Data from Think.TV in Australia indicated that the impact of ads on TV benefits from ads in full screen compared to sharing screen time on laptop and mobile feeds. Facebook research did not necessarily contradict this, but argued compellingly that mobile video works in a very different way to TV in terms of attention spans and therefore design, execution and impact. Also in this session we had – to the best of our knowledge – a first asi paper using AI to interrogate a database, in this case Marketing Scientist Group looking at the thematic content of online advertising.
The implication of programmatic – as Mindshare summarised – is that it moves from placement planning as a proxy for reaching consumers to audiences segment planning. That undoubtedly has a place, but numerous papers at our Nice conference last November demonstrate that context still plays a vital role – not just brand safety, but the positive benefit of context – the value that the content and platform bring to the advert.
Meanwhile Ebiquity made the important point that simply chasing efficiency is not the answer: to increase ROI just reduce ad spend. Ad planning is certainly about delivering ROI, but doing so at scale. Marketing effectiveness, at least according to recent research by Binet and Field, has fallen due to over-use of digital and under-investment in television. In all, it was an engaging session, expertly chaired by David Webb of Turner.
As is the asi tradition, day two of the conference put audience measurement very much centre stage. This year we took the approach of attempting to separate the science of video measurement from the politics. So, in the morning we focused on the latest developments in measuring video, with the afternoon looking at the appliance of that science – how the data is being used and in particular the barriers to total video measurement incorporating both broadcasters and the global social video players.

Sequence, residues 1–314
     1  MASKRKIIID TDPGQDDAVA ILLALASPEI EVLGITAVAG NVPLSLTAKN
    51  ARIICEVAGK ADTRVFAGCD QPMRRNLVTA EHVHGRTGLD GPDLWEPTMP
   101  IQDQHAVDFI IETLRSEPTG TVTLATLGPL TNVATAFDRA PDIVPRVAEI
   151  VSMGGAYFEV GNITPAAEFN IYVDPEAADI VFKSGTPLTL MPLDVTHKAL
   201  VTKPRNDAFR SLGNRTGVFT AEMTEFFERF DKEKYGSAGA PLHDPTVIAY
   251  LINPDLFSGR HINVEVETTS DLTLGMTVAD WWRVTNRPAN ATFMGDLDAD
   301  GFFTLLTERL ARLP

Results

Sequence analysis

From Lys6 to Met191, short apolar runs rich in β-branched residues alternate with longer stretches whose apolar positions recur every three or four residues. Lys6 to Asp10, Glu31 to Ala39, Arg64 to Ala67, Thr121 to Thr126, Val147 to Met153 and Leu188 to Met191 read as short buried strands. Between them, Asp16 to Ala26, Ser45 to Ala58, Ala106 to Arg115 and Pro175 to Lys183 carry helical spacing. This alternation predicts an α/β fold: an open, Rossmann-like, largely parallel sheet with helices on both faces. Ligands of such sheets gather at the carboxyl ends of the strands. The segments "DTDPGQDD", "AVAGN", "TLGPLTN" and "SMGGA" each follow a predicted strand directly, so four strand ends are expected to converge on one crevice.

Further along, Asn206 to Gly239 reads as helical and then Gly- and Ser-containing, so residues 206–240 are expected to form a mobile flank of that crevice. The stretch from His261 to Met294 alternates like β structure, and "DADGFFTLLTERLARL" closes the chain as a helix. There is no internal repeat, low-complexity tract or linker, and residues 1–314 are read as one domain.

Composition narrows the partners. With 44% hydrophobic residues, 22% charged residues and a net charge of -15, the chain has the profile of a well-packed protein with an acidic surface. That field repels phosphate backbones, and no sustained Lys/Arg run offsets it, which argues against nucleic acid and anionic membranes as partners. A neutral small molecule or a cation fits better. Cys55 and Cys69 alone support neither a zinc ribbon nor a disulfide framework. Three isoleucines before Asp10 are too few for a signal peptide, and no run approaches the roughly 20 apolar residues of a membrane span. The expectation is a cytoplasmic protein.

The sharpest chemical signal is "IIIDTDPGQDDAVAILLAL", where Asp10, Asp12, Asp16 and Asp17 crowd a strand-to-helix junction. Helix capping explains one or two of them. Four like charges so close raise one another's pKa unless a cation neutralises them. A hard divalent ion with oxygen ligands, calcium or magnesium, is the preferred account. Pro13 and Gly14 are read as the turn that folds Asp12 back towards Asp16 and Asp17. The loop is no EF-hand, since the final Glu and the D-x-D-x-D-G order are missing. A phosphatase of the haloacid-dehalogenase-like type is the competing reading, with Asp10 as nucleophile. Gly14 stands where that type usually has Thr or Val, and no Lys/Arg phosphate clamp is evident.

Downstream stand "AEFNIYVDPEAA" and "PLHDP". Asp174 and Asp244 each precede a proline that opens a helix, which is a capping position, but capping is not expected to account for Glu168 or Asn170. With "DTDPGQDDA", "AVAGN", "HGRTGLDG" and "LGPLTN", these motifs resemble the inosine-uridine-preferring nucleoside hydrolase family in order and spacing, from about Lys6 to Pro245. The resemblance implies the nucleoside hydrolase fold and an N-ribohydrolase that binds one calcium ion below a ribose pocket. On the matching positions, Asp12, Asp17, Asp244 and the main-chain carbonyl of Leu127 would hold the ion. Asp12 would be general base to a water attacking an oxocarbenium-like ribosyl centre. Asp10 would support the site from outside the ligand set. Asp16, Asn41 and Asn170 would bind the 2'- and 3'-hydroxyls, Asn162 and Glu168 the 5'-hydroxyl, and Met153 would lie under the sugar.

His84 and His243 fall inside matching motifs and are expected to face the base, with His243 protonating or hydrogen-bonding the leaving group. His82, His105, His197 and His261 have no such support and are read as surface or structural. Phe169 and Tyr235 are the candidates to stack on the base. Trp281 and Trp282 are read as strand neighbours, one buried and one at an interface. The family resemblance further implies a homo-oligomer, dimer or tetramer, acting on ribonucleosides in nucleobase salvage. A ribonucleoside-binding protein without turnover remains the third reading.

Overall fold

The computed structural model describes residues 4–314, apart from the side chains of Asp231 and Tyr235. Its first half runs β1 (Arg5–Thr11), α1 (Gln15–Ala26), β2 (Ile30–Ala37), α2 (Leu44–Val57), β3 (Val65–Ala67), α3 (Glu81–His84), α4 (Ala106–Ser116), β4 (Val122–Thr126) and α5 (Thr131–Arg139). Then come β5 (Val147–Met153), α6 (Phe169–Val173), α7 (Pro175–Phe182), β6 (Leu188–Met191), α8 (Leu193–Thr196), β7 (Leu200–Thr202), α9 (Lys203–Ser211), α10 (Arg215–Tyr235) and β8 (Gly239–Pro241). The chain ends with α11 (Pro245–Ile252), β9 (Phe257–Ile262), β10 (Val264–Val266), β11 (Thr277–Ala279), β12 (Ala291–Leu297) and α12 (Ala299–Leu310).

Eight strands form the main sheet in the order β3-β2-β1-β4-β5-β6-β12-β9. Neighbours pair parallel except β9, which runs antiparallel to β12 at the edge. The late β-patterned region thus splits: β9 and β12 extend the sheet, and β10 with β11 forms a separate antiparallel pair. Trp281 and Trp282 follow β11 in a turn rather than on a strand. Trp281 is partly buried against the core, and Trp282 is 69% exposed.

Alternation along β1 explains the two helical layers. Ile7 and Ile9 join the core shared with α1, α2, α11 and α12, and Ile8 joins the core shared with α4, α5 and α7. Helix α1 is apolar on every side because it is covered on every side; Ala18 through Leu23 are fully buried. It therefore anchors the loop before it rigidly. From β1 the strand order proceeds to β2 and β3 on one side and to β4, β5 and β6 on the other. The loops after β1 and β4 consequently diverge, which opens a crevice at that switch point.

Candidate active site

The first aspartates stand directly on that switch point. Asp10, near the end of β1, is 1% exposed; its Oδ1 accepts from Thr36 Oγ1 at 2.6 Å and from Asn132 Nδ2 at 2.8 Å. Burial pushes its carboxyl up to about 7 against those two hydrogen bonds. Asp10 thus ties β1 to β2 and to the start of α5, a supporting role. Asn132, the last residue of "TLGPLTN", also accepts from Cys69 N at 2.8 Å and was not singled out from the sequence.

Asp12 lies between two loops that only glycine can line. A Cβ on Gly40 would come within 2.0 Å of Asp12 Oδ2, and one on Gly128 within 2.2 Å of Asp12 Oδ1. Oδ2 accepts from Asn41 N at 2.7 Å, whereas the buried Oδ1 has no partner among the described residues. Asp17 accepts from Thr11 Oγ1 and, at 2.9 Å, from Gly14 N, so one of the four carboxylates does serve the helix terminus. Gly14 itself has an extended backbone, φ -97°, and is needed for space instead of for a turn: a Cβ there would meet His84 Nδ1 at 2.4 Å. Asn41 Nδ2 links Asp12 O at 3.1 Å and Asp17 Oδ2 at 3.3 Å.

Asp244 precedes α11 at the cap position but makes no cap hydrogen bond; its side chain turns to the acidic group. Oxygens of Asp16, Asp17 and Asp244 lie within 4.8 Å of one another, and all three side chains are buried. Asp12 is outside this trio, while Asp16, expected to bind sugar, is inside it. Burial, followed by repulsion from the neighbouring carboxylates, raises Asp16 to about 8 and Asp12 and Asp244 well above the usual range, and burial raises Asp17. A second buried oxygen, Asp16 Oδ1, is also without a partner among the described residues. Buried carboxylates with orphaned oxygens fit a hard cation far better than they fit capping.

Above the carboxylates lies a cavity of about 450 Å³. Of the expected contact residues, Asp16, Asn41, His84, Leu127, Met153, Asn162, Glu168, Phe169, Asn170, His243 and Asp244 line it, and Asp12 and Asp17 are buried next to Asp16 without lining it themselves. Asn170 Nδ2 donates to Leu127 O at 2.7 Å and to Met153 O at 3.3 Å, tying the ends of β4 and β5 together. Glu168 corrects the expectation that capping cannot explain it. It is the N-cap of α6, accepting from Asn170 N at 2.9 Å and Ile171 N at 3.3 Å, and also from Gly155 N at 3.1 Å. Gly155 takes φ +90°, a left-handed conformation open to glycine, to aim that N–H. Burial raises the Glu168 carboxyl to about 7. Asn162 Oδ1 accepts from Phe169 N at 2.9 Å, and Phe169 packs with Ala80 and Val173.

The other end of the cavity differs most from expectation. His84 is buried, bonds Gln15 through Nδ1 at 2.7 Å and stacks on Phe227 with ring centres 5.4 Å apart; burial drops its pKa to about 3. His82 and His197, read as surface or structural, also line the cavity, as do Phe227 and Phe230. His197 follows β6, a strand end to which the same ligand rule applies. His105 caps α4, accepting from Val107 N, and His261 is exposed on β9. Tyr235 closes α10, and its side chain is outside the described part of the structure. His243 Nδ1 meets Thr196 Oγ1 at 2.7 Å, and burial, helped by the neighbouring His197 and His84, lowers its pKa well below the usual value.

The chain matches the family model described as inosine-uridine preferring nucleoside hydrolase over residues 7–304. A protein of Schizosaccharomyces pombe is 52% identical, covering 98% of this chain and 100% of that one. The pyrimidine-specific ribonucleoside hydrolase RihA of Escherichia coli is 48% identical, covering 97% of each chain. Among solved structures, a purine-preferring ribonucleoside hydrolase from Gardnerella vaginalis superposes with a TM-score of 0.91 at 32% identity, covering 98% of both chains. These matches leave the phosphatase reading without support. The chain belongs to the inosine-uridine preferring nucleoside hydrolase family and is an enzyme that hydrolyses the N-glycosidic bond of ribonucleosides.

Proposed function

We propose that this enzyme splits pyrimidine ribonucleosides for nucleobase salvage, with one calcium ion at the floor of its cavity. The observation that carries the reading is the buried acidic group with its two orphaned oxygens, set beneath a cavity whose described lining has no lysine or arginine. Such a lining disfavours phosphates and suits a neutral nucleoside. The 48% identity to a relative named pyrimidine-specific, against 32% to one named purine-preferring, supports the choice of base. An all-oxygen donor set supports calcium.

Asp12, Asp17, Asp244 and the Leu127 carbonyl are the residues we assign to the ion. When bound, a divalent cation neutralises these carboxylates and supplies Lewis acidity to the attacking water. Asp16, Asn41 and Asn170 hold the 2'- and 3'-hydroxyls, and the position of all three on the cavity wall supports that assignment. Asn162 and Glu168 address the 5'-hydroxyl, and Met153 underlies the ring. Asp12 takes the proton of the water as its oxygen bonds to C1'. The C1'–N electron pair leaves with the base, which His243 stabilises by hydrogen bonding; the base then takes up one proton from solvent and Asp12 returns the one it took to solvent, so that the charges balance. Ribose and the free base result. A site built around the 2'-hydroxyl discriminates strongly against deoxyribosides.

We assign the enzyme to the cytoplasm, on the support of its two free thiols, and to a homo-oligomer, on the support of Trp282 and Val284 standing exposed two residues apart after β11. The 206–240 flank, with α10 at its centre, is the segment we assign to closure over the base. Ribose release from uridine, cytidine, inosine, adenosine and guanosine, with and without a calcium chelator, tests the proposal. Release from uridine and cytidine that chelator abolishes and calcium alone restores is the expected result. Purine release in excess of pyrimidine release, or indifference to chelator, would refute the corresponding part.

In reviewing their latest developments in audience measurement technology, the emphasis of the major TAM suppliers remains very much on using data science to fuse elements together, those elements most likely to be PeopleMeter panels, router meters and server data, supplemented in many markets by online panels when the TV panel alone is not large enough to measure online behaviour.
At asi we have been tracking the development of the SGTAM service in Singapore and that is now starting to produce fascinating insights on multi-screen measurement, particularly on real – as opposed to claimed – smartphone usage, in terms of duration and activity type. Smartphones are used during 13.4% of TV viewing but, looked at from the smartphone perspective, 22.5% of all smartphone usage occurs when the TV is switched on. So which medium is distracting the other?
With agreement on the continued importance of PeopleMeter panels as the ‘core’ of measurement, BARC in India demonstrated how connected technology can enhance the running of the world’s largest TAM panel, whilst Auditel in Italy showed how a Set Meter Panel can prove cost-effective in expanding the scale of TV panels, an approach that may be of interest in the APAC region where panel sizes are under pressure to cover Pay TV operators more effectively.
Whilst the primary focus is on exposure, Kantar Insights flagged up the importance of attention in a crowded media environment and appropriately enough we heard from a new entrant to the market: TVision Insights uses eye tracking to measure actual screen attention and already has a sizeable US panel. The company pivoted early on from an approach that used audiomatching in wristbands because the devices overheated and could explode – a good example of the need for companies to be willing to fail in order to succeed!